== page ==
Building modern and production ready Node.js API: my boring setup

I know how this desire to try out a new flashy npm package in a quick project can easily paralyze my will and the whole project's progress over exploring new docs and code. So in this writeup I would like to give appreciation to all the tools and techniques that have proven to be effective for me.

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As a founder of and a big fan of API-first products, I build and deploy a lot of APIs. Since I am a "sprint" guy, I am energized with the quick progress on a project, so over the years I learned to appreciate this momentum when building new APIs from scratch, without spending precious energy on choosing the tech stack.

I love to try out new tools. But, being in the JavaScript ecosystem, I know how this desire to try out a new flashy npm package in a quick project can easily paralyze my will and the whole project's progress over exploring new docs and code. So in this writeup I would like to give appreciation to all the tools and techniques that have proven to be effective for me. TL,DR: This is a neat mix of boring tech (express.js, pm2) and fancy new tech (gpt).

Programming language: Javascript

While Python seems to be more popular across data scientists who are involved in web scraping, these Python projects are usually not a performance critical projects – not trying to say that Python performance is bad, it's just node.js being really fast and a perfect fit to build APIs: event loop, async/await as a first class citizen, and all these huge npm packages like Puppeteer/Playwright being available out of the box. I started my adventure in backend Node.js world from the project where I needed to build a realtime "mirror" of multiple e-commerce websites and modify website design on the fly, on a per-request basis (we were building a custom marketplace of products where we were doing the purchase of goods on behalf of end customers and handling international delivery part on our side). Essentially this was a reverse-proxy with very complex request and response rewriting rules. This project was a huge challenge for me as back in the days I was a PHP guy who had no idea how node.js worked in real production and this was a paradigm shift (btw I used node-http-proxy package back then). It was 2017, I think, and I am building real-time web scraping APIs and API gateways which log and monetize APIs since then, still enjoying Node.js with all its quirks, pains and advantages.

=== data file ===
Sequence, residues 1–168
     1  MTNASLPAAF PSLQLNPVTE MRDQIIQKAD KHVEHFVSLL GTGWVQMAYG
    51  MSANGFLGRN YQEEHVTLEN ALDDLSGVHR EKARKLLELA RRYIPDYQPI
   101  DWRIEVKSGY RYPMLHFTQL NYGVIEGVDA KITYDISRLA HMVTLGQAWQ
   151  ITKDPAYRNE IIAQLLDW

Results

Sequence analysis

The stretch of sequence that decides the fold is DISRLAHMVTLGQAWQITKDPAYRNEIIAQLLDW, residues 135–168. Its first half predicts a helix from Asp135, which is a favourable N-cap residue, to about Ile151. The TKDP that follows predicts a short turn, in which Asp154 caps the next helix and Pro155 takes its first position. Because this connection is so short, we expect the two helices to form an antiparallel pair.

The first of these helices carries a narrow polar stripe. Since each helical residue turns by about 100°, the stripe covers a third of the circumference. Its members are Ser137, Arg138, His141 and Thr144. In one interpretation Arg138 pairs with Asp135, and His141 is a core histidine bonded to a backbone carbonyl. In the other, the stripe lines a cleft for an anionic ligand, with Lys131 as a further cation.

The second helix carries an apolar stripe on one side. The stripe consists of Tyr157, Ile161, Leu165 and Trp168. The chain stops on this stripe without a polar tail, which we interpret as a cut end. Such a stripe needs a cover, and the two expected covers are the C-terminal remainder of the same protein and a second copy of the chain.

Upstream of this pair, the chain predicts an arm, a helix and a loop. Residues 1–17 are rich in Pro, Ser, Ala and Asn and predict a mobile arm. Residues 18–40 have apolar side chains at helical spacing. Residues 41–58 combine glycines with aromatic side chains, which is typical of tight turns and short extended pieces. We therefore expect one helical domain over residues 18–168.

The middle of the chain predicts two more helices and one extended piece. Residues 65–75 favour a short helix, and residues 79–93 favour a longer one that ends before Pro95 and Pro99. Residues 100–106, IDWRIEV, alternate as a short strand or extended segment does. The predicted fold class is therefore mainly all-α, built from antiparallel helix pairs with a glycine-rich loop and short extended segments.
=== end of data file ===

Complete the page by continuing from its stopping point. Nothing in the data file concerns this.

Runtime environment: Node.js

Node.js is a mainstream environment for running JS on backend.

I use v16 and v18 of Node.

NPM packages I use for every Javascript API in 2023

Here is how I start my node.js API project:

npm init -y
npm i express dotenv express-async-handler mocha

Then I edit package.json and add "type": "module", to it so I can use "import" instead of "require" which was a CommonJS standard. Here is an example package.json which I have as a starter:

  "name": "starter",
  "version": "1.0.0",
  "description": "",
  "type": "module",
  "main": "index.js",
  "scripts": {
    "dev": "PORT=4005 node src/server.js",
    "test": "mocha --recursive 'tests/**/*.js' --timeout 15000"
  "keywords": [],
  "author": "",
  "license": "ISC",
  "dependencies": {
    "dotenv": "^16.0.3",
    "express": "^4.18.2",
    "express-async-handler": "^1.2.0",
    "mocha": "^10.2.0"

Express.js and async/await via express-async-handler

While Express.js is not exactly modern, it's still a perfectly viable solution to build an API in 2023. It's fast, simple, and gets the job done. I can safely say it is now a boring tech (which is a good thing). To make it work properly with async/await, I use express-async-handler package, and here is how my /src/server.js looks like:

import dotenv from 'dotenv';

import express from 'express';